Credit: @theprojnomad on Instagram

Haziq: To avoid the negative impacts or unintended consequence of “voluntourism”, always do your research about the organization you are intending to volunteer with. Understand the beneficiary you are helping, what are their needs and how would you be able to help the organization in achieving their objective to meet these needs. As mentioned earlier, as a responsible volunteer you need to be sure that you are offering more benefit than harm to the beneficiary, consider what are the implications of your involvement before and after. The world definitely needs kind-hearted souls who selflessly volunteer their skill. Make your effort worth it by finding a suitable match with an organization/beneficiary so that you can offer the maximum value for your time. Instead of always giving items, try to think of ways to impart skills or create projects that are self-sustaining for the beneficiaries – share with them how to fish!

7. Do you still travel a lot? How has founding and running Project Nomad changed the way you travel?


Credit: @mnasrulbr on Instagram

Nasrul: Whenever I got the chance, absolutely. Since founding and running it, I prefer travelling to places less commercialized. It makes you take a step back and really appreciate life more as you observe and mingle with the people. Example of places I have travelled to since includes Croatia, Montenegro, Bosnia, etc. These are places where there is a lot of natural attraction and you can search for hidden gems.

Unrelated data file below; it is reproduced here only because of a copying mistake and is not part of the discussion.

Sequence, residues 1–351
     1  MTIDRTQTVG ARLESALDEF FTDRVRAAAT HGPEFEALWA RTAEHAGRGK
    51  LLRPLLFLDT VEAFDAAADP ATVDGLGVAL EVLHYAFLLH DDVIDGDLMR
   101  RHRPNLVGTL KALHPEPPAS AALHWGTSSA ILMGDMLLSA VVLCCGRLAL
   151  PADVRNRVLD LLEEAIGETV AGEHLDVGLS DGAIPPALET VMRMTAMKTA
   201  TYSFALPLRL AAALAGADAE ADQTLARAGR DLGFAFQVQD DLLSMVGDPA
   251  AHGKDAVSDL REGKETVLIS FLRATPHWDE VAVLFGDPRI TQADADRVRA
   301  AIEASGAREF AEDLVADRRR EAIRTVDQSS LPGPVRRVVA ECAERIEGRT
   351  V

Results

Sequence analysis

8. What’s one must-have item you need to bring on your travels?


Credit: @theprojnomad on Instagram

Haziq: I don’t have a one must have – but a list of must-haves that I bring to each trip. This includes a compass, Goretex jacket, headlamp, and my notebook. But if I have to pick one – it has to be my Goretex jacket. Protect against the elements since I’m a big fan of the outdoors.

9. What’s your favourite destination you’ve been to? Where do you want to go next?

Nasrul: I would put it as favourite destinations as both places are incomparable. It will be the house of Allah, Mecca and the resting place of our beloved prophet saw, Madinah. The feeling you felt is unique on its own and it really moves you externally and internally. I would love to explore the “-stan” countries like Uzbekistan, Turkmenistan, Tajikistan with the intention of living with them to understand how they lead their life.

10. What’s the most impact/memorable experience from your past travels? (Apart from the one that led to the founding of Project Nomad)


Credit: @mnasrulbr on Instagram

Nasrul: Home to the world’s third highest peak – the Kanchenjunga – Goechala is perhaps the best trek anyone can go for amidst the huge mountains in India. Against the warnings of the villagers, I went ahead with the trek despite it being the monsoon season. I started having difficulty breathing as I slipped into having altitude sickness as I made my way up. I was half-conscious by this point and almost fell off a ledge. Luckily my guide grabbed me just in time, and he dragged me to the next checkpoint where I continued hyperventilating while he tried to warm me up. I was already having flashbacks of my family by then. Eventually, through medication, hot liquids, and lots of blankets to warm me up, I was conscious enough to make my way down. What if I actually died? I realized I hadn’t done much in life, and I knew I had to change.

11. Do you have other ideas or projects in the pipeline after Project Nomad?


Credit: @theprojnomad on Instagram

Nasrul: Our focus now is to build a solid foundation in Indonesia so that we are able to emulate and bring this playbook to other rural areas where we can create an impact on the lives of the people. We do have other ideas in the pipeline. I will keep it to ourselves for now. Do keep a lookout!

You can follow Project Nomad’s products and journey on their Instagram and website.